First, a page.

Dissociating Principal and Medial Axis Predictions: Effects of Training Enclosure Size
Incidental-learning procedures are often used to determine the stimuli that control spatial reorientation in diverse species. A common procedure is to train subjects to approach a discrete landmark prior to testing in the absence of the landmark. Global geometric cues, such as the medial axis of space and the principal axis of space, have both been suggested to account for spatial reorientation in variety of animals (e.g., rats, pigeons and humans). Additionally, the control of spatial reorientation by the global geometric cues has been suggested to vary based upon the size of the enclosure—with smaller enclosures producing greater control by global geometry. In the present study, we trained human participants to approach rotationally-equivalent corners (i.e., north-east and south-west) of a rectangular enclosure in a desktop virtual environment. We manipulated the size of the training enclosure between groups. Following training, all participants were tested in an I-shaped enclosure which dissociated predictions made by medial-axis and principal-axes accounts. Results provide evidence of orientation by principal axis that is dependent on training enclosure size—supporting principal axis accounts of spatial reorientation across species.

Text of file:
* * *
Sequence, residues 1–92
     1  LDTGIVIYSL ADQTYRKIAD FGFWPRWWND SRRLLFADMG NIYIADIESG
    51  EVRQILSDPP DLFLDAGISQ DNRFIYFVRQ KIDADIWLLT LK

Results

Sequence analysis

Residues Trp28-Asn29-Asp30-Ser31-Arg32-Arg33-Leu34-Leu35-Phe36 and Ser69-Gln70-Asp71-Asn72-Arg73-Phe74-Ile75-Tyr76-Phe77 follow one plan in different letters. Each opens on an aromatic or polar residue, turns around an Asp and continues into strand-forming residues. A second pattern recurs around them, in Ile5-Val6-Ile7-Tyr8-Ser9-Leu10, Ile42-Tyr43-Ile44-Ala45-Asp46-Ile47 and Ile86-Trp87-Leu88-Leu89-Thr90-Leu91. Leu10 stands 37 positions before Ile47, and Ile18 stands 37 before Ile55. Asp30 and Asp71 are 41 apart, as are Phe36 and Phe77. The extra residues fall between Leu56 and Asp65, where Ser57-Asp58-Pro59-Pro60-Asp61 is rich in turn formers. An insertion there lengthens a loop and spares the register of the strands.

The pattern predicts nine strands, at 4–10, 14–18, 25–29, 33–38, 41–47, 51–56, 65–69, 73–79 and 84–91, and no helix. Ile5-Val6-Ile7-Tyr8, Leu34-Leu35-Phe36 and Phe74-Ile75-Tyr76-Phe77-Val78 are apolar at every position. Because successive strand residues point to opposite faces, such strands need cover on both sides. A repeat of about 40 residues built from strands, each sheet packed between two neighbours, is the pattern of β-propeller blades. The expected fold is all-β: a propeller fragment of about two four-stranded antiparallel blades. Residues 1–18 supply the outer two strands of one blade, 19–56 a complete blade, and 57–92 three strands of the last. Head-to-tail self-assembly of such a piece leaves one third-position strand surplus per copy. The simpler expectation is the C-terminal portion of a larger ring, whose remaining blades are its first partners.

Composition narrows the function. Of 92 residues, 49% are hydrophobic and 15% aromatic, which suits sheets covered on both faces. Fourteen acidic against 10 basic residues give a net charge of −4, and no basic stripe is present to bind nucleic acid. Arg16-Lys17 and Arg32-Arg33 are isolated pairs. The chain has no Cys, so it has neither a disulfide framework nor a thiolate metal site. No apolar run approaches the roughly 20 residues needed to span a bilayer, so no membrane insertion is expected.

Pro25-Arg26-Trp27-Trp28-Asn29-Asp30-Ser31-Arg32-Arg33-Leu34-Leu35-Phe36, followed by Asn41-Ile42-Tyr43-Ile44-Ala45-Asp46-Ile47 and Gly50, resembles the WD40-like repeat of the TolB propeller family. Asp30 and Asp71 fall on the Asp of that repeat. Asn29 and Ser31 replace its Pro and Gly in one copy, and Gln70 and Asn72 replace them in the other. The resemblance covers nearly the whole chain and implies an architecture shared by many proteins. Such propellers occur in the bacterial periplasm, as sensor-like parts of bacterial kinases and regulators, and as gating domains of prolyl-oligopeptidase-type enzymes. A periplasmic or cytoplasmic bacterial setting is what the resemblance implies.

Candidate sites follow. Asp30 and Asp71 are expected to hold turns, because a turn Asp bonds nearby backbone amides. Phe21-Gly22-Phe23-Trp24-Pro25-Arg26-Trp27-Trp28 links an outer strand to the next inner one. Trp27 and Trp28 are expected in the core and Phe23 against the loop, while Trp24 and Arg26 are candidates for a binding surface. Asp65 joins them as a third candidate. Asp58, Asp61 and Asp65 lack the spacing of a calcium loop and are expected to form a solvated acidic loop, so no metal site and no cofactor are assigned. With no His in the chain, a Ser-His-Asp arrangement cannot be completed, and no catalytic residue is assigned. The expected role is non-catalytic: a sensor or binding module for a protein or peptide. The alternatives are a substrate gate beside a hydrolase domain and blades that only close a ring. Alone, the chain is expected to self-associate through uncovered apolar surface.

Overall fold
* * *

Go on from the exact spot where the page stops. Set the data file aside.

Comparative Cognition Society’s International Conference on Comparative Cognition (CCS)
Sullens, Donald G., Spencer J. Price, Bradley R. Sturz, Kent D. Bodily.
"Dissociating Principal and Medial Axis Predictions: Effects of Training Enclosure Size."
Psychology Faculty Presentations.